Wednesday, August 1, 2012

I may be mistaken, but

I get the impression that there is a significant overlap between those who think that don't want more intensive housing development in their area, those that think there shouldn't be limits on housing developments at the edge of the city and those who scream loudest when the council puts the rates up. If this is indeed the case, then I would advance the proposition that these people do not actually know how a city functions.
More development/expansion of the city around the edges requires the construction of large amounts of infrastructure that will service comparatively few people. This is ... expensive, the cost per head over the city goes up and rate rise. Intensification with an upgrade of infrastructure gives you infrastructure that services a comparatively greater number of people and the cost per head goes down. Rates still rise, but not as much. And to make the city liveable, you want to put your centres of intensification alongside traffic/public transport corridors.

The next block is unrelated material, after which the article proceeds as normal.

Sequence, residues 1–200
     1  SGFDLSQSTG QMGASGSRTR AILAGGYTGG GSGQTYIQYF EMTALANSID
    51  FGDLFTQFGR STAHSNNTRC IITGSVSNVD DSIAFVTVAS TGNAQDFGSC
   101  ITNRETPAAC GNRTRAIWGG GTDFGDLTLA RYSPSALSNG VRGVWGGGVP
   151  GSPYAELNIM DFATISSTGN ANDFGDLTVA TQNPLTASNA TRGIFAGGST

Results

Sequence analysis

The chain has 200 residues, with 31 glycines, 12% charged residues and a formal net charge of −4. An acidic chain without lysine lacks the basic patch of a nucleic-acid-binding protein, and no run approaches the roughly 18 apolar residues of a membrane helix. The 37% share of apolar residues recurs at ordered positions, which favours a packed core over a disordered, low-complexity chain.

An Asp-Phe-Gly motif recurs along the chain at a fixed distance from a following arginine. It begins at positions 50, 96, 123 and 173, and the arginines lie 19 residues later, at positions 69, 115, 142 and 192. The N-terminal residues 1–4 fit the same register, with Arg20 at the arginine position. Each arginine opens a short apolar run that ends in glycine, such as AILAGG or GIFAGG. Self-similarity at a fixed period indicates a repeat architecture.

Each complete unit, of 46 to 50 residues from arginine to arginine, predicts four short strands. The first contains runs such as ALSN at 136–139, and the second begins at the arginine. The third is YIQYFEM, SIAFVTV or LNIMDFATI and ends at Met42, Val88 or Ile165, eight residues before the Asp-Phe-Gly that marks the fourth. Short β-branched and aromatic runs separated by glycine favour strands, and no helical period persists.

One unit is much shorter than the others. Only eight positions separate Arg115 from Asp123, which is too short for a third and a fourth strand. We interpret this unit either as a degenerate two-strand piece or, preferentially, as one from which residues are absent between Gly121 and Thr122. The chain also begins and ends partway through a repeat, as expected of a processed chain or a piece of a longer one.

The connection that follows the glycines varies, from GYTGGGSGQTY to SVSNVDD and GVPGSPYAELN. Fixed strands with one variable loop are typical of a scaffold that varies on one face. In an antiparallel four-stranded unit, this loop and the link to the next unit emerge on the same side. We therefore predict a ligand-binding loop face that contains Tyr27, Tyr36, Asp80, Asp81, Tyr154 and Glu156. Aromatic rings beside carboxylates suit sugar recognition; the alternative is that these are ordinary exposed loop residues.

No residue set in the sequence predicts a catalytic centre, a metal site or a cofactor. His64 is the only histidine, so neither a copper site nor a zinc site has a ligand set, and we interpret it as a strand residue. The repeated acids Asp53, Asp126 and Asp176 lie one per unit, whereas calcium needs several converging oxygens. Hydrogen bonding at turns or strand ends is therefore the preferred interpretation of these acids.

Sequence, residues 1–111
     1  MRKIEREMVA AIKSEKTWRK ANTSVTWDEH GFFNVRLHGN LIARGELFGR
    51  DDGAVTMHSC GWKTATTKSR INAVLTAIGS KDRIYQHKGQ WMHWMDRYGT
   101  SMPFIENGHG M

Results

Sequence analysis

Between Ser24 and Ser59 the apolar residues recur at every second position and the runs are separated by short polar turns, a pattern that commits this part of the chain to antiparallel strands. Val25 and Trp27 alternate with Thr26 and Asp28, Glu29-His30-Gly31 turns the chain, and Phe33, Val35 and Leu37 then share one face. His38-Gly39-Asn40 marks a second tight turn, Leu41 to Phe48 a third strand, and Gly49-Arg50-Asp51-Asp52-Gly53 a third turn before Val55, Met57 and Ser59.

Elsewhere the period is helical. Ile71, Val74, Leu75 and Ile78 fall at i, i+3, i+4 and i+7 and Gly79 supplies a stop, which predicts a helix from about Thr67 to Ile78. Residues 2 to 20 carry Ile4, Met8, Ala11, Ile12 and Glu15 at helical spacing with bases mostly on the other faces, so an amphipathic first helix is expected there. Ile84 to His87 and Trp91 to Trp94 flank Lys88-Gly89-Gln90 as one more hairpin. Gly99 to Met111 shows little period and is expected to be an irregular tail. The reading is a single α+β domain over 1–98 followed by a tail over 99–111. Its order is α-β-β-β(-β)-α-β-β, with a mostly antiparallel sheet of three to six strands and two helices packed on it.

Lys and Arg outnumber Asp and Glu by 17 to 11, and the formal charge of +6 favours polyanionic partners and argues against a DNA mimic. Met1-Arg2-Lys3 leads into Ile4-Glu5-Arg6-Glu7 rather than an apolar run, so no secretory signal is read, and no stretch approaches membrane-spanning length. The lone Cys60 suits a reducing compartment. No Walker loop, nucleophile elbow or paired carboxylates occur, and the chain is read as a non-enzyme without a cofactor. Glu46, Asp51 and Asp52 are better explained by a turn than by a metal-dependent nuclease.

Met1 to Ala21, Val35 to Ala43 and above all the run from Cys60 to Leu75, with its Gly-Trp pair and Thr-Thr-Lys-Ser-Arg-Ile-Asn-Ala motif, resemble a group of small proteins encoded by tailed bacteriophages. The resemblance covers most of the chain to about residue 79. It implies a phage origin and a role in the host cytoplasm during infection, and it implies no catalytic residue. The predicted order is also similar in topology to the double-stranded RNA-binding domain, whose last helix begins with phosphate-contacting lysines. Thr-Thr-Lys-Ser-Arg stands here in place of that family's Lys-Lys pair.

The one thing that I've found with my 15 or so years worth of living in a city, is that cities change. In some regions the change is slow - Remuera used to be uber posh, now it's still mostly posh. in other suburbs, the change is comparatively fast - Grey Lynn was ramshackle 15 years ago, it's largely expensive in a laid back sort of way now. It's odd, because I do have some sympathy for those that fight the changes in their neighbourhoods but I don't see how you can get around the need to impose major change or end up with a city that shuts people out by dint of being to expensive. There's something to be said for locking some suburbs down, into "heritage" suburbs. Locking all suburbs into the state they are now though can only lead to stagnation though. And the desires of one suburb to remain changeless does not outweigh the needs of the city to accommodate more citizens without raising costs excessively.

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